(Reuters) - Former British Paralympian Victoria Aggar has resigned from the World Anti-Doping Agency’s (WADA) Athlete Committee over the organization’s handling of the Russian doping scandal.
WADA has banned Russia from all major sporting events for four years for tampering with doping tests, but left the door open for its athletes to compete at next year’s Tokyo Games as neutrals under the Olympic flag.
Russia’s Olympic Committee has described the sanctions as “illogical and excessive” while President Vladimir Putin has said Moscow could appeal WADA’s decision.
However, Aggar, who won a rowing bronze at the Beijing Games in 2008, said WADA had not gone far enough and had broken promises by not imposing a blanket ban on Russian athletes.
"I do not feel that WADA exists any more," she said on Twitter here. "Too many political games (or machinations), too many conflicts and too much self-interest has led to too many bad decisions, compromises and broken promises.
“Most recently the biggest blow to athletes is the decision by WADA to ignore calls from its very own Athlete Committee for Russia to be banned from competing at the next Olympic and Paralympic Games.”
Aggar, one of 17 committee members, said WADA had refused to publish several Athlete Committee statements on its website.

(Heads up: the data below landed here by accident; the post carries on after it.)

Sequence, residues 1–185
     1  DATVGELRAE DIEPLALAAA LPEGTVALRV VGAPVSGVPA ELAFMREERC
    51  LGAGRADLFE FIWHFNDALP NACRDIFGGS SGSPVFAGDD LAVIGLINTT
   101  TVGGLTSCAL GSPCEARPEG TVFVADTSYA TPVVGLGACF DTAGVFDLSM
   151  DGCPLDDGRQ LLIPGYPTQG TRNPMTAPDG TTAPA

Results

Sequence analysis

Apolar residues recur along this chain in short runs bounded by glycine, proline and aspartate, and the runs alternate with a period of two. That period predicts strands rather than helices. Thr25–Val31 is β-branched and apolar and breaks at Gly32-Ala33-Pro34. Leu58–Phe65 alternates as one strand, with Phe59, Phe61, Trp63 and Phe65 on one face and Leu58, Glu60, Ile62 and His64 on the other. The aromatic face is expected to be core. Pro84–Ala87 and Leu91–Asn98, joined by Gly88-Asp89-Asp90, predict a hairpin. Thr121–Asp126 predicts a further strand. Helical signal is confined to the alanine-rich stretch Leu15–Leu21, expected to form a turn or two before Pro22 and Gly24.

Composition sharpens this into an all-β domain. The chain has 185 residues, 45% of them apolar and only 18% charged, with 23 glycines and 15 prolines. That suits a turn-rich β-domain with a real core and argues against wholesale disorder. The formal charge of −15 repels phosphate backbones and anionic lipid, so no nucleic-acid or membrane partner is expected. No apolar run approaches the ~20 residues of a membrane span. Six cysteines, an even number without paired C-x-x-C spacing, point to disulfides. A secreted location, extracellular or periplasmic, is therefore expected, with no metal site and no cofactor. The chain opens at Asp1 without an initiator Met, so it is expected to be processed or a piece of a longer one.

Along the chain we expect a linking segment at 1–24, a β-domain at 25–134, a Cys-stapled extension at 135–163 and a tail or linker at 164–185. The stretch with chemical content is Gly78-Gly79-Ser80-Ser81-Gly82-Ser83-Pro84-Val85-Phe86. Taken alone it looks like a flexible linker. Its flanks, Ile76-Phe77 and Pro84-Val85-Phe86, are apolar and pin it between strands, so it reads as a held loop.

“The concept of silencing athletes is one of the reasons why we are seeing so much abuse in sport,” she said.
“I believe every athlete has the right to clean sport and in such an environment I don’t believe Russian athletes will have this choice.
“Yes, they will suffer in the short term with a blanket ban but in the long term we may be able to contribute to a change of culture for the future young generations.”
WADA director-general Olivier Niggli told the BBC in response to Aggar’s resignation that the decision not to publish the statements was due to the lack of a “clear majority” among committee members.
“Nine members were in favor of issuing a statement objecting to the (independent compliance review committee’s) recommendation (on Russia), while eight were against and had prepared an alternative statement,” he said.
“Therefore, there was no consensus, and it would have been very strange - to say the least - for WADA to publish two different statements from its own Athlete Committee. In my view, it is simply not correct to mislead in this fashion.”
Reporting by Simon Jennings in Bengaluru; Editing by Peter Rutherford